, Volume 15, Issue 1, pp 85–97 | Cite as

Effects of temperature on life history traits of Eodiaptomus japonicus (Copepoda: Calanoida) from Lake Biwa (Japan)

  • Xin Liu
  • Delphine Beyrend-Dur
  • Gaël Dur
  • Syuhei Ban
Research paper


Effects of temperature on life history traits of the dominant calanoid Eodiaptomus japonicus were examined to evaluate its population dynamics in Lake Biwa (Japan). Embryonic and post-embryonic development times and reproduction were determined in the laboratory at four temperatures (10, 15, 20 and 25 °C) and under ad libitum food condition. Post-embryonic development time of E. japonicus from hatching to adult female decreased with increasing temperature from 67.9 to 15.1 days. Males reached the adult stage 1–6 days earlier than the females. Only 15 % of the individuals survived until the adult stage at 10 °C, while 40 % did so at >15 °C. Egg production also depended on temperature. A power function of temperature on instantaneous growth rate predicted a value of <0.06 day−1 when water temperature was below 10 °C, suggesting that E. japonicus retards its growth during winter. The null value obtained at 8.6 °C for the computed population growth rate supports the idea of an overwintering strategy. Responses of life history traits to temperature suggested that in conditions where there was no food limitation, E. japonicus in Lake Biwa would be able to take advantage of the rise of temperature predicted in the context of global climate change.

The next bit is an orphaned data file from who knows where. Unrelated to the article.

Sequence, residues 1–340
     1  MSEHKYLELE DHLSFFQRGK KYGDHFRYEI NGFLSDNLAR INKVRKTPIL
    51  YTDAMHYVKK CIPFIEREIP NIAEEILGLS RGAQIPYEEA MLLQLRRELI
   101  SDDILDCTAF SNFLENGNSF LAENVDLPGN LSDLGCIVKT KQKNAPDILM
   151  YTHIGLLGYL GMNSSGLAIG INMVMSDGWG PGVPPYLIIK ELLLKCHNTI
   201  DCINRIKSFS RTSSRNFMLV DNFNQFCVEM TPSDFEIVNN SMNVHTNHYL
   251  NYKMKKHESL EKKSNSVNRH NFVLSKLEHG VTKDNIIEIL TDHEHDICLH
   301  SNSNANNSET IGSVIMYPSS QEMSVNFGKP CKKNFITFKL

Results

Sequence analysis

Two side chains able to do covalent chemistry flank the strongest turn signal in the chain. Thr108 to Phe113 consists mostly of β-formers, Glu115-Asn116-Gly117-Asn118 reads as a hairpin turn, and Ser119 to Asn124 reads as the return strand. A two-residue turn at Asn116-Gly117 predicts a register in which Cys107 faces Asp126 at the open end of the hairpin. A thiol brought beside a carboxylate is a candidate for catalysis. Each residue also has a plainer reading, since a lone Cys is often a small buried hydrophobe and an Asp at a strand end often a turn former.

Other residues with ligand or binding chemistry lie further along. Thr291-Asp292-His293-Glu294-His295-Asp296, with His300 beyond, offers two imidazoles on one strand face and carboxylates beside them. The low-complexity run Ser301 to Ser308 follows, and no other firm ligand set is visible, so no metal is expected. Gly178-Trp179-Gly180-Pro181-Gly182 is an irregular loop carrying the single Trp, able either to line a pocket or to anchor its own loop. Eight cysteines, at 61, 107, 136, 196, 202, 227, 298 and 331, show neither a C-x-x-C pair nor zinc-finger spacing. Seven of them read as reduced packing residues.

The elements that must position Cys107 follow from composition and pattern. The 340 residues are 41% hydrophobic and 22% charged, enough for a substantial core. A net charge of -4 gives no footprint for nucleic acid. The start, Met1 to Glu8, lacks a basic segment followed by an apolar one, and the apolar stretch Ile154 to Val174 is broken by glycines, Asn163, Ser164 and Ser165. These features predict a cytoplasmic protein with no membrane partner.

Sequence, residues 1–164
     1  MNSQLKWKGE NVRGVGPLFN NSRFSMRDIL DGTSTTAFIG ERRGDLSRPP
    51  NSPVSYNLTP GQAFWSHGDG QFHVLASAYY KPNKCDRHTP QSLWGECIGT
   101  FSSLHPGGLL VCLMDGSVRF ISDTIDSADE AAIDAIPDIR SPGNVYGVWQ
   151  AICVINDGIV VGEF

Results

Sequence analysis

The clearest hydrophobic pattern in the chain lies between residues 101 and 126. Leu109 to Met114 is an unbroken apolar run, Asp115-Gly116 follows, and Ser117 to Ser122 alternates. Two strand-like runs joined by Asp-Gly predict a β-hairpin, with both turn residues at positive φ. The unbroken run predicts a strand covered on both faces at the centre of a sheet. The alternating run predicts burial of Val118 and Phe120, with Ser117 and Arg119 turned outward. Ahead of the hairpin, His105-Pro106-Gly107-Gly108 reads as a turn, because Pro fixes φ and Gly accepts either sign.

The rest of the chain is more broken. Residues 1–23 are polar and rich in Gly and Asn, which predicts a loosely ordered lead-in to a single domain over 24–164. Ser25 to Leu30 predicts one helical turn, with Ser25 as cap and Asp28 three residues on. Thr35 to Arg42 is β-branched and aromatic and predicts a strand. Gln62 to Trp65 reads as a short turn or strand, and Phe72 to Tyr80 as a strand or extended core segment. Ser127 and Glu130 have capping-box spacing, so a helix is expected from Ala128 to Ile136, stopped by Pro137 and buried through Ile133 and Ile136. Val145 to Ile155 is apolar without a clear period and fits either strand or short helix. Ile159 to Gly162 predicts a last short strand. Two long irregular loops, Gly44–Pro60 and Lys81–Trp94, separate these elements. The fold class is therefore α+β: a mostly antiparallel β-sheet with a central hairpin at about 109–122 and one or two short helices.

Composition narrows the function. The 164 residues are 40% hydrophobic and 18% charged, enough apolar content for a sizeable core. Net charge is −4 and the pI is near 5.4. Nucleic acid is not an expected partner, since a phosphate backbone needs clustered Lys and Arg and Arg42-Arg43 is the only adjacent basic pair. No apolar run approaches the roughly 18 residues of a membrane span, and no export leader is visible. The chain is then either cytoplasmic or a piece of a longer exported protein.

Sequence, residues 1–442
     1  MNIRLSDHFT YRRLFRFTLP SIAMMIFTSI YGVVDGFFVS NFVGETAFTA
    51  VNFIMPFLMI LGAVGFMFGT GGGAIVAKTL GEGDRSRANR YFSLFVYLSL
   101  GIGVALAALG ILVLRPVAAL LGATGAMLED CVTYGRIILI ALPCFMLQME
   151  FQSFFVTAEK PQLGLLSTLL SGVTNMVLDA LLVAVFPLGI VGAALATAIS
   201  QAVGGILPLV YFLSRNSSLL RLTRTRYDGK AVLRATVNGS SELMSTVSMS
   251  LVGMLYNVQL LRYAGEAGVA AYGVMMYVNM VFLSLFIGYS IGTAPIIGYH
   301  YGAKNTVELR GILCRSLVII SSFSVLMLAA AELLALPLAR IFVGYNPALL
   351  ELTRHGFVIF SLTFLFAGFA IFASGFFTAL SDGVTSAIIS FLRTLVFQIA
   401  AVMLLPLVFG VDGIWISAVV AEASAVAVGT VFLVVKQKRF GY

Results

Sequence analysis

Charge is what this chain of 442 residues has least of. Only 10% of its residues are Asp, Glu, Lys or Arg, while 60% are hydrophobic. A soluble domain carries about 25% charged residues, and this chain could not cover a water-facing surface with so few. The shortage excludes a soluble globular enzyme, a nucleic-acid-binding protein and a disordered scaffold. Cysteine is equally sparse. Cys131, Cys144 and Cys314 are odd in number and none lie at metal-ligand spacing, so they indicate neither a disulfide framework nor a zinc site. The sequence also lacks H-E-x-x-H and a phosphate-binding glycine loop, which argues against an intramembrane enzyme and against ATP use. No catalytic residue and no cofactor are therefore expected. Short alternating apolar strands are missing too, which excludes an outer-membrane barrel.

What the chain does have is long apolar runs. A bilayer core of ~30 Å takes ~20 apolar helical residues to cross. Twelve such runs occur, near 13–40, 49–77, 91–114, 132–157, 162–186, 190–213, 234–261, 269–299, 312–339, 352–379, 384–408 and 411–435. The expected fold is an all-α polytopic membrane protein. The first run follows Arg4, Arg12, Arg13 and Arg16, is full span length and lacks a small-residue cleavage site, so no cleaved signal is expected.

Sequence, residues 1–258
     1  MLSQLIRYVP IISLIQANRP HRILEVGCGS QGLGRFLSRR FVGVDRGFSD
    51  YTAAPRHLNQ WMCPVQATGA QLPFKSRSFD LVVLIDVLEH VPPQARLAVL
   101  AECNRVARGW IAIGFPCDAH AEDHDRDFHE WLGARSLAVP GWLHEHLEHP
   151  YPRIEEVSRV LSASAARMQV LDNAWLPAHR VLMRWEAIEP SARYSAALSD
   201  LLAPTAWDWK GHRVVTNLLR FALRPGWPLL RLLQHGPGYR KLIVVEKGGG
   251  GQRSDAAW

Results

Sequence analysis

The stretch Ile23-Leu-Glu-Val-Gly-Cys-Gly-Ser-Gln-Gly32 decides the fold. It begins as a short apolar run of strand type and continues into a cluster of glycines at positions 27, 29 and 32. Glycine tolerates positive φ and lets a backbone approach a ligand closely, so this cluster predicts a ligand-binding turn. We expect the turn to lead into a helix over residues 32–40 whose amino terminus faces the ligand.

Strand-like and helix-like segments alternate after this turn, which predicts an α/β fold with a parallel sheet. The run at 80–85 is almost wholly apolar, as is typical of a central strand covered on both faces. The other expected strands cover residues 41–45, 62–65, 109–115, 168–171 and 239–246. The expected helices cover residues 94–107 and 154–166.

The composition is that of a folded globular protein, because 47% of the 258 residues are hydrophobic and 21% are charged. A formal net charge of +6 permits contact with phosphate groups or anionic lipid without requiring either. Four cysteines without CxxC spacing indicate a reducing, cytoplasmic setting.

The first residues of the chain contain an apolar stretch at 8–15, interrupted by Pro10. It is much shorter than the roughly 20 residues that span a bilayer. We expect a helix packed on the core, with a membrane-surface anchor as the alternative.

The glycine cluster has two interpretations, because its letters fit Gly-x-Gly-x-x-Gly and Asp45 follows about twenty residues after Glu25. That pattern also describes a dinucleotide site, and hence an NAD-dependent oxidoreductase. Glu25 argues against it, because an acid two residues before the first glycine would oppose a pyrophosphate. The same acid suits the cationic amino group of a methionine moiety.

Life history traits Temperature effects Eodiaptomus japonicus Copepod dynamics Individual variability 



This work is part of X. Liu’s Masters thesis and a contribution to the FASCICLE project of the French BioAsia program. Funding was provided by a Japan Society for the Promotion of Science (JSPS) post-doctoral research grant to D. Beyrend-Dur and a grant from the Ministry of Agriculture, Forestry and Fisheries, Japan to S. Ban through a research project entitled “Development of technologies for mitigation and adaptation to climate change in Agriculture, Forestry and Fisheries”. We thank Dr. Goto and Mr. Kaigai, the captain of the research vessel Hassaka, University of Shiga Prefecture, for their kind cooperation during field sampling. All experiments complied with the current laws of the country in which they were performed.


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Copyright information

© The Japanese Society of Limnology 2013

Authors and Affiliations

  • Xin Liu
    • 1
  • Delphine Beyrend-Dur
    • 1
  • Gaël Dur
    • 1
  • Syuhei Ban
    • 1
  1. 1.Department of Ecosystem Studies, School of Environmental ScienceUniversity of Shiga PrefectureHikoneJapan

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